Yusuf Yuksekdag
Istanbul Bilgi University
There is a recent interest in the ethics of high-skilled worker emigration through which the limitations of the right to exit are discussed. Insightful arguments have been made in favour of the emigration restrictions on skilled workers in order to tackle the deprivations in developing countries. However, there is still a need for clarification on how we can understand, discuss and implement limitations of a right from a normative perspective. Significantly, how we understand the limitation of a right might determine how we approach such limitations – both in terms of the process of assessing the limitations and in terms of their implications. In this paper, I identify two distinct ways to understand limitations of the right to exit with respect to losses associated with health worker emigration, while also pointing to their implications for restrictive policies: as a matter of scope, and as a matter of weight or emergency, which requires a compensatory scheme for the individual right holders. While the emergency restrictions seem to be a point of convergence in the literature, what defines an emergency and the nature of the compensation still warrant exploration. To that end, I also discuss from a normative perspective what might constitute a public emergency that would give states a prima facie prerogative to regulate temporary limitations on the exercise of the right to exit. In addition, I briefly introduce the implications of emergency restrictions, with a particular focus on compensatory schemes for individual right holders.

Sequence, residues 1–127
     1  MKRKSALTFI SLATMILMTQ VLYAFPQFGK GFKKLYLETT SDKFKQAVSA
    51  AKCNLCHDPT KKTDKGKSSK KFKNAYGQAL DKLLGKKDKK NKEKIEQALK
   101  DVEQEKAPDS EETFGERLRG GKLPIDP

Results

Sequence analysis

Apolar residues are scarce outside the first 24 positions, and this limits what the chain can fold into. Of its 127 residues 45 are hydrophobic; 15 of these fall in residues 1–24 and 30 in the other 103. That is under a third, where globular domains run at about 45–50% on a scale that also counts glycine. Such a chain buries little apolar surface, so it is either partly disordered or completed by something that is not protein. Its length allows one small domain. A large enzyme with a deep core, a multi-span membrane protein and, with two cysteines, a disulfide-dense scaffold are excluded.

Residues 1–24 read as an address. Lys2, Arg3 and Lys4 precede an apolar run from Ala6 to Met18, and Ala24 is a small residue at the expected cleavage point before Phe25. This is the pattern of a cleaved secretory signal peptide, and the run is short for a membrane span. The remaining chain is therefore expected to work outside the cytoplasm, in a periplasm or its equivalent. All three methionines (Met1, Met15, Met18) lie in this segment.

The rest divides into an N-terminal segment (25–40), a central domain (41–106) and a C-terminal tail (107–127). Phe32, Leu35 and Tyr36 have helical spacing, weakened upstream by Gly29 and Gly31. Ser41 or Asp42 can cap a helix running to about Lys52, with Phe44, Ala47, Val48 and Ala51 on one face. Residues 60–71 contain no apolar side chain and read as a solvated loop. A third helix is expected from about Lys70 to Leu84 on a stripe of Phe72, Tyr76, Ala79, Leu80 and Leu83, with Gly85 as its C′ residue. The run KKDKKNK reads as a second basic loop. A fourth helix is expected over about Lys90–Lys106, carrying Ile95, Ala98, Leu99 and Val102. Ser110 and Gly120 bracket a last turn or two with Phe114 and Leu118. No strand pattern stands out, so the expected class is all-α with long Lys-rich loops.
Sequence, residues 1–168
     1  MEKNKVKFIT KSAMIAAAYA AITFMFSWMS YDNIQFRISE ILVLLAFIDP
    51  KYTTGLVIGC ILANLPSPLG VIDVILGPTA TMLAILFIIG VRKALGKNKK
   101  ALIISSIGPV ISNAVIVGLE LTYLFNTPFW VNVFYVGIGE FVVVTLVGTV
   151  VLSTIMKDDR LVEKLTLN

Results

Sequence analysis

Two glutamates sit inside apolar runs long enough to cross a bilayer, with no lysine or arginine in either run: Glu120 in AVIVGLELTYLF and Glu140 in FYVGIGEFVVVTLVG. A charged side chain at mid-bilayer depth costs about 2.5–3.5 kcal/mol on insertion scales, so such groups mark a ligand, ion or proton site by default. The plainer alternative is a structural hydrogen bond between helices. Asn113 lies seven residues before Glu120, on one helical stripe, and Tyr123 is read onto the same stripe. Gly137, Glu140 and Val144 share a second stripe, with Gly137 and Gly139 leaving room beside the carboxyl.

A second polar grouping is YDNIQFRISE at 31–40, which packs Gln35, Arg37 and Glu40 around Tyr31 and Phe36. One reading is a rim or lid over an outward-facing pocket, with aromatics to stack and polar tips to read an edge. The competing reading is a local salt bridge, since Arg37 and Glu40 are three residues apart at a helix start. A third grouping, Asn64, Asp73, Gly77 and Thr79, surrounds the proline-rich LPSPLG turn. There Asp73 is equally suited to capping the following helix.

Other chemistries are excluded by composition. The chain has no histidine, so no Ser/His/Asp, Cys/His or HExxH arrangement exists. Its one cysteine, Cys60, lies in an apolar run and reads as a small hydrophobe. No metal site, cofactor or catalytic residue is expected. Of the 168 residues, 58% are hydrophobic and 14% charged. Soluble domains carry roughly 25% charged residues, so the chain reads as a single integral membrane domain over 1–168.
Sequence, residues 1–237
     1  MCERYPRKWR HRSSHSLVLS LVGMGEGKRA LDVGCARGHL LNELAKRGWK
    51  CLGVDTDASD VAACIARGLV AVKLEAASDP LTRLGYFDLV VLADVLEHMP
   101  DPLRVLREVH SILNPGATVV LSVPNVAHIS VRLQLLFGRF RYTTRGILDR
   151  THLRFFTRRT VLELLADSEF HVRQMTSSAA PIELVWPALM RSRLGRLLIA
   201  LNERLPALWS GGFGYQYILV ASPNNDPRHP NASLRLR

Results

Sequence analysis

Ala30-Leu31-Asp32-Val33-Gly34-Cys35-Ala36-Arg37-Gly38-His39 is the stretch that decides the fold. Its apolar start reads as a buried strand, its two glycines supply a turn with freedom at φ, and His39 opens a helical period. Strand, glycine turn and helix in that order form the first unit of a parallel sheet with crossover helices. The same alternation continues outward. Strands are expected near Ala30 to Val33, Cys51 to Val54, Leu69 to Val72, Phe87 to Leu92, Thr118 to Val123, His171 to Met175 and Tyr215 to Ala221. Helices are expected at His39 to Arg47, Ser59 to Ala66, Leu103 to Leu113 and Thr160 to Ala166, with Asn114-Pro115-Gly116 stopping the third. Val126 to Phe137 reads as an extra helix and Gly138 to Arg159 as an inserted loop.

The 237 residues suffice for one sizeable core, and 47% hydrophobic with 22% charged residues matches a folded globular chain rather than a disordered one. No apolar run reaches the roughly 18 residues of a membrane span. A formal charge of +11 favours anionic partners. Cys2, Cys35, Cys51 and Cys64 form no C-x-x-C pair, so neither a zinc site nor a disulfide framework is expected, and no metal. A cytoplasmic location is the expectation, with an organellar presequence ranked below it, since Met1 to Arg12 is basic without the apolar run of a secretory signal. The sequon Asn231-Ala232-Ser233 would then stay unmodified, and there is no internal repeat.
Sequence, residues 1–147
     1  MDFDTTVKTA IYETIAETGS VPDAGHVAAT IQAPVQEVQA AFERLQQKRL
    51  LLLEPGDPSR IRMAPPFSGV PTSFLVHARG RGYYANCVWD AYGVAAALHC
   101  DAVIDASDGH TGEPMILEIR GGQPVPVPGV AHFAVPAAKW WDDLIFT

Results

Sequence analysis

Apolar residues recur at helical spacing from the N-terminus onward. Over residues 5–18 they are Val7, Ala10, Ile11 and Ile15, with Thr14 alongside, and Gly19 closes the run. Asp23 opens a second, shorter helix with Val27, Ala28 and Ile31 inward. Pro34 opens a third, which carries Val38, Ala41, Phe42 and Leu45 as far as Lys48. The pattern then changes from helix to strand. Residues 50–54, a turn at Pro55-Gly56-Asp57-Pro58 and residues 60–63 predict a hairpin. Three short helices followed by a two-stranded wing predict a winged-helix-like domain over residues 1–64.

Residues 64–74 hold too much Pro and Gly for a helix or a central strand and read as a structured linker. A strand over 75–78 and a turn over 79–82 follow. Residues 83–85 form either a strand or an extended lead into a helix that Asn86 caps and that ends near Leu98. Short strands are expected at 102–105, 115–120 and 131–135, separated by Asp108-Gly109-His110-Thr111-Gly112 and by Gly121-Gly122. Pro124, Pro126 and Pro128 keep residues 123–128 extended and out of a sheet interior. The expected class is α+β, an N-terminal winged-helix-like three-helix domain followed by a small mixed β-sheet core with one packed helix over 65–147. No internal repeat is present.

Keywords emigration  rights  right to exit  emergency  health worker
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DOI 10.5324/eip.v12i2.2433
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On Human Rights.James Griffin - 2008 - Oxford University Press.
The Idea of Human Rights.Charles R. Beitz - 2009 - Oxford University Press.
Making Sense of Human Rights.James W. Nickel - 1987 - University of California Press.

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